If they use the term in his lordship's apparent sense, I shall have no hesitation in saying, that their grossly unscriptural language merely shows how soon and how easily a specious and flattering corruption crept into the church. But I greatly doubt, though I would speak under correction, whether their meaning has not been altogether misapprehended. We all know, that, in the idiom both of the Greek and of the Latin, the same phrase indifferently signifies to give satisfaction and to suffer punishment. This very simple circumstance, I strongly suspect, is the true key to the phraseology employed by certain of the fathers. When they spake of a man making satisfaction to God for his sins by any measure of temporal suffering, they meant not, I apprehend, to intimate, that his pains were meritorious, and that they were capable of expiating his transgressions;

* Luke xvii. 10.

† Rom. iii. 19-28. v, 16—21. xi. 6.

but they meant merely to say, that we must expect sin to be attended by merited punishment.

Be this, however, as it may, if we are to be guided by the authority of the primitive doctors, I should certainly prefer the very ancient testimony of St. Paul's own fellow-labourer, the Roman Clement, to the much later evidence of Tertullian, or Cyprian, or Ambrose, or Augustine.

"All are glorified and magnified, not through 'themselves, or through their own works, or through 'the righteous deeds which they have done, but 'through the will of God. We, therefore, being 'called through his will in Christ Jesus, are not jus'tified through ourselves, or through our own wis'dom, or intellect, or piety, or the works which we 'have wrought in holiness of heart; but through faith, by which the Almighty God hath justified all from everlasting. To him be glory and honour 'through all ages. What then shall we do, brethren? 'Shall we be slothful from good deeds, and shall we 'desert the faith? The Lord forbid such to be our 'case! Rather let us hasten, with all vehemence ' and alacrity, to accomplish every good work."*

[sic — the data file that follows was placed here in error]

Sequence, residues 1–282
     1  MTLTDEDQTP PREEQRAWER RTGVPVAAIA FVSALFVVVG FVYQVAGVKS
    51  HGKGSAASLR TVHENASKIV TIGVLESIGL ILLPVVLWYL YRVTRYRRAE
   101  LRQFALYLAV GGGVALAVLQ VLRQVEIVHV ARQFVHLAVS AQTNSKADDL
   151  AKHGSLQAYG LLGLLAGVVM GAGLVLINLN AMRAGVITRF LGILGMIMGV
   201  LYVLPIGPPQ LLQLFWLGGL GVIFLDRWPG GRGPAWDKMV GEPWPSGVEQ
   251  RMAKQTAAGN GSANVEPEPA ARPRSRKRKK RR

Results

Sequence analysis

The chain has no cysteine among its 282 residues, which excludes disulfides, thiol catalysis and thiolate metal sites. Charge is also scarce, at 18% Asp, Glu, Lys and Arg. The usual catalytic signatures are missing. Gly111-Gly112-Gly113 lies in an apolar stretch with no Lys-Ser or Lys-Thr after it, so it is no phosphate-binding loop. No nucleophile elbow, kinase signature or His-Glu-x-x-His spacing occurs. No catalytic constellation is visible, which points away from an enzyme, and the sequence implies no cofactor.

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So far as a positive argument will go, it is difficult to believe, that the man who wrote thus could hold the doctrine of a meritorious satisfaction to be made to God either by holy deeds or by acute sufferings: and, so far as we may build upon a negative argument, the total silence of Clement, in regard to any such satisfaction as that maintained by the bishop, affords much reason for suspecting, that in his days the catholic church knew nothing of the doctrine. Equally difficult, unless I greatly mistake, will his lordship find the task of extracting his theory from the remains either of Polycarp or of Ignatius.

III. The bishop asks, whether to appease the

* Clem. Roman. Epist. ad Corinth. i. § 32, 33.

anger of God, and to satisfy his justice, do not ultimately come to the same thing.*